Les Assemblées annuelles 2019 du Groupe de la Banque africaine de développement se tiendront du 11 au 14 juin 2019 à Malabo, en République de Guinée équatoriale. En savoir plus
E-governance is the future of development, and without it African countries will struggle, says Malawi’s Secretary to the Treasury, Ben Botolo.
Featuring on a panel discussion on “Africa-India Partnerships in E-Governance” on Thursday, May 25, at the AfDB’s 52nd Annual Meetings, Botolo said Africa stands to benefit from e-governance as evidence shows that it reduces physical interface, thereby reducing costs.
“If we look at this session, it is what defines the future of development,” said Botolo. “Take revenue for example. E-governance reduces the interface between the tax payer and the tax collector, thereby reducing the chances of corruption. However, in Africa, we still face challenges in terms of the physical side of ICT – cyber network systems, especially in countries that are landlocked like Malawi. Hence the need for huge investments.”
Botolo commended the Pan Africa e-Network project supported by India, through which his country has benefited.
Amadou Sanneh, Gambia’s Minister of Finance and Economic Affairs, said his country was among the first in Africa to develop an ICT and e-governance strategy, which he said has led to a number of real benefits in the delivery of services to the people.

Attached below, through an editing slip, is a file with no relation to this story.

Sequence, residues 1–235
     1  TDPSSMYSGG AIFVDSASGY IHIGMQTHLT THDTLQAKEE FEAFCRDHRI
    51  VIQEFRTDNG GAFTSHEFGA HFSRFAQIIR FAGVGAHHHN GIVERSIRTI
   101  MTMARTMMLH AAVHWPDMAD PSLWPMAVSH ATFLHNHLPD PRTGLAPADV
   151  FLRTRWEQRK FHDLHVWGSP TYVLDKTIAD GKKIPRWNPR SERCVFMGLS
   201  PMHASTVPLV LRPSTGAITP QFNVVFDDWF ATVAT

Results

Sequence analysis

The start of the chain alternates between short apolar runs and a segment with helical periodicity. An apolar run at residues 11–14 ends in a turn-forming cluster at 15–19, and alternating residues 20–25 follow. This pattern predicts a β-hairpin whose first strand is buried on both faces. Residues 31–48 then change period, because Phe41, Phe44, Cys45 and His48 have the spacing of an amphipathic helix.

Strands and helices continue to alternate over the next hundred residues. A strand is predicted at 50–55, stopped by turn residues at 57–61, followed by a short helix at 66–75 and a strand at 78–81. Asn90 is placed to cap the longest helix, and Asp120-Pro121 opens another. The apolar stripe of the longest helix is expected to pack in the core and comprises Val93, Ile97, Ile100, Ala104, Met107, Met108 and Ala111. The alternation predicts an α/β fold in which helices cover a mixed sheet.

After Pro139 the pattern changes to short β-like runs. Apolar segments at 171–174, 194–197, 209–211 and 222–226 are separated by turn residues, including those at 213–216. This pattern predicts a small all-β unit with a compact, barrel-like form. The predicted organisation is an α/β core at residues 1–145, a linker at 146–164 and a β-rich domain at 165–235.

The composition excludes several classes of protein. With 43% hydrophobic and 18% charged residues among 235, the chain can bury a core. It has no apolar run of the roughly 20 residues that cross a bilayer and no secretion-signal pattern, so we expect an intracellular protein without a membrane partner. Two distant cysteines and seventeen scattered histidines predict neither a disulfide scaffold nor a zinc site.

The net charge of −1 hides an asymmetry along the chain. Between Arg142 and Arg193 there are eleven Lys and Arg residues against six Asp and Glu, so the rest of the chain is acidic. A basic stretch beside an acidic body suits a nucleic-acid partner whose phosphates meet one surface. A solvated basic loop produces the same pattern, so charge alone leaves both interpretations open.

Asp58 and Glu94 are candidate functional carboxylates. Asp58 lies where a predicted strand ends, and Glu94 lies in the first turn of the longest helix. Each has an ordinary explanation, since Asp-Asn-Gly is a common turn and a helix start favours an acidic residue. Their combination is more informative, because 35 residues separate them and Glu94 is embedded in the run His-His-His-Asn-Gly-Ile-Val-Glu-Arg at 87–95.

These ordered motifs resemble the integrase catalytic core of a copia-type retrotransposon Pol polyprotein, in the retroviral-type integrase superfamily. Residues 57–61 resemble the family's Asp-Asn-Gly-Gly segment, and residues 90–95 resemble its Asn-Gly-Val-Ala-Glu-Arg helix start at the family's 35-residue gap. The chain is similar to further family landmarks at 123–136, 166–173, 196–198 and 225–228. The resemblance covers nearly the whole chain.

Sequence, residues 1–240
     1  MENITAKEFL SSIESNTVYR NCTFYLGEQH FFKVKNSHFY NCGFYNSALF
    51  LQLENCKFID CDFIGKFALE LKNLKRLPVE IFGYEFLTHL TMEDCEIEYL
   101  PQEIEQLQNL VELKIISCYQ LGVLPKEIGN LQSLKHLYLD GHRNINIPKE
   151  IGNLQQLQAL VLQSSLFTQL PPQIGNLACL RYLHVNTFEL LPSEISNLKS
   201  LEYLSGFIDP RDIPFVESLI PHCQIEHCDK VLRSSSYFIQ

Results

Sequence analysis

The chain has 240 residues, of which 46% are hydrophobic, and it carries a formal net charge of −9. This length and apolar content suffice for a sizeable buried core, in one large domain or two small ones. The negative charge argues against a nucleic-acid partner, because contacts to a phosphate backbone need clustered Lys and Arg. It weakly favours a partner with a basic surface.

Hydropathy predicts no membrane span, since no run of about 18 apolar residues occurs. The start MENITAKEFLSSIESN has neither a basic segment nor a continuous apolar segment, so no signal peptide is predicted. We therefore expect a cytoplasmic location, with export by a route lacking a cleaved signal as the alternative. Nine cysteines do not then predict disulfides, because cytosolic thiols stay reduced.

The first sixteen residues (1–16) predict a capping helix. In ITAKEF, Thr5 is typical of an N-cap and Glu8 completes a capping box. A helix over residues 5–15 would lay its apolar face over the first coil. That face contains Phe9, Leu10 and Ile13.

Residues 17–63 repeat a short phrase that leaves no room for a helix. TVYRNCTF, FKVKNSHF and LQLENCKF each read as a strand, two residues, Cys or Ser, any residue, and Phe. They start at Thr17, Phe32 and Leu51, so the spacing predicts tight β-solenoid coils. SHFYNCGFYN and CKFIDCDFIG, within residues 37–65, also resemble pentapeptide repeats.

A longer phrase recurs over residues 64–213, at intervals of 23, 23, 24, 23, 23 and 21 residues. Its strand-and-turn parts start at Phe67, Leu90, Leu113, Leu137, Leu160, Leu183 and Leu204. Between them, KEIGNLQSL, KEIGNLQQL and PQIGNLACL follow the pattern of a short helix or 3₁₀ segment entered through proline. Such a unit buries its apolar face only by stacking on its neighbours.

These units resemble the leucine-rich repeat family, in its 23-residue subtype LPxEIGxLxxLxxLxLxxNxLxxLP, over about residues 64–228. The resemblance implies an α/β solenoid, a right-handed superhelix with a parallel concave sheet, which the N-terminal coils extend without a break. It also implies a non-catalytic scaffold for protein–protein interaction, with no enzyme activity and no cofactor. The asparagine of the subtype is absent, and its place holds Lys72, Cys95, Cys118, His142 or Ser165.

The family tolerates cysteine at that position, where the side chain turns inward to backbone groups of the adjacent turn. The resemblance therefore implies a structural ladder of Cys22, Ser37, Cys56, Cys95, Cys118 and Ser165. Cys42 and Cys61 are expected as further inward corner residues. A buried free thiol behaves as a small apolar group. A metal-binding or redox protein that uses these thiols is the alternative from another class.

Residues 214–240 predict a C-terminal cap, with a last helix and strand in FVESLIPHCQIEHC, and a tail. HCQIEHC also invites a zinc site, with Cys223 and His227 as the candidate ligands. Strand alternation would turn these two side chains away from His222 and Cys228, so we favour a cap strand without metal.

“There was a government-wide email system which was developed in 2010; there was a marine cable establishment; there was an internet exchange point in 2014 to localize traffic and lessen the burden on our international band-width and fibre-optic network which covered the whole country,” said Sanneh.
He also highlighted the Gambian Central Bank’s new national payment system, which he said allows for electronic clearance of cheques, thereby reducing costs for bank transactions and other payment platforms.
But for the Government of India, its support to African countries is driven by its own achievements and realizing that Africa is in many ways similar to India – with a high number of people still financially excluded.
Ajay Kumar, Joint Secretary of the Department of Electronics and IT for the Indian Government, believes India’s record e-governance transformation “gives hope to our friends in Africa and shows them what is possible.”
“For us, digital India is a key vector in the transformation of India, and it is taking place at unprecedented speed, faster than has ever been seen in the last 70 years since Independence. Today, we are using technology and e-governance for people who are economically weaker and disadvantaged in our country. The whole effort in digital is to see how technology can empower the poor. It is defined by three themes: affordability, inclusivity and development,” he said. He cited the country’s biometric digital identity system with over one billion people, praising its cost-efficiency at US $ 1 per identity.
With such an ICT and e-governance revolution, India and African leaders on the panel concluded that Africa’s transformation hinges largely on how well it develops its governance delivery systems to reduce costs. E-governance, they said, is key to this.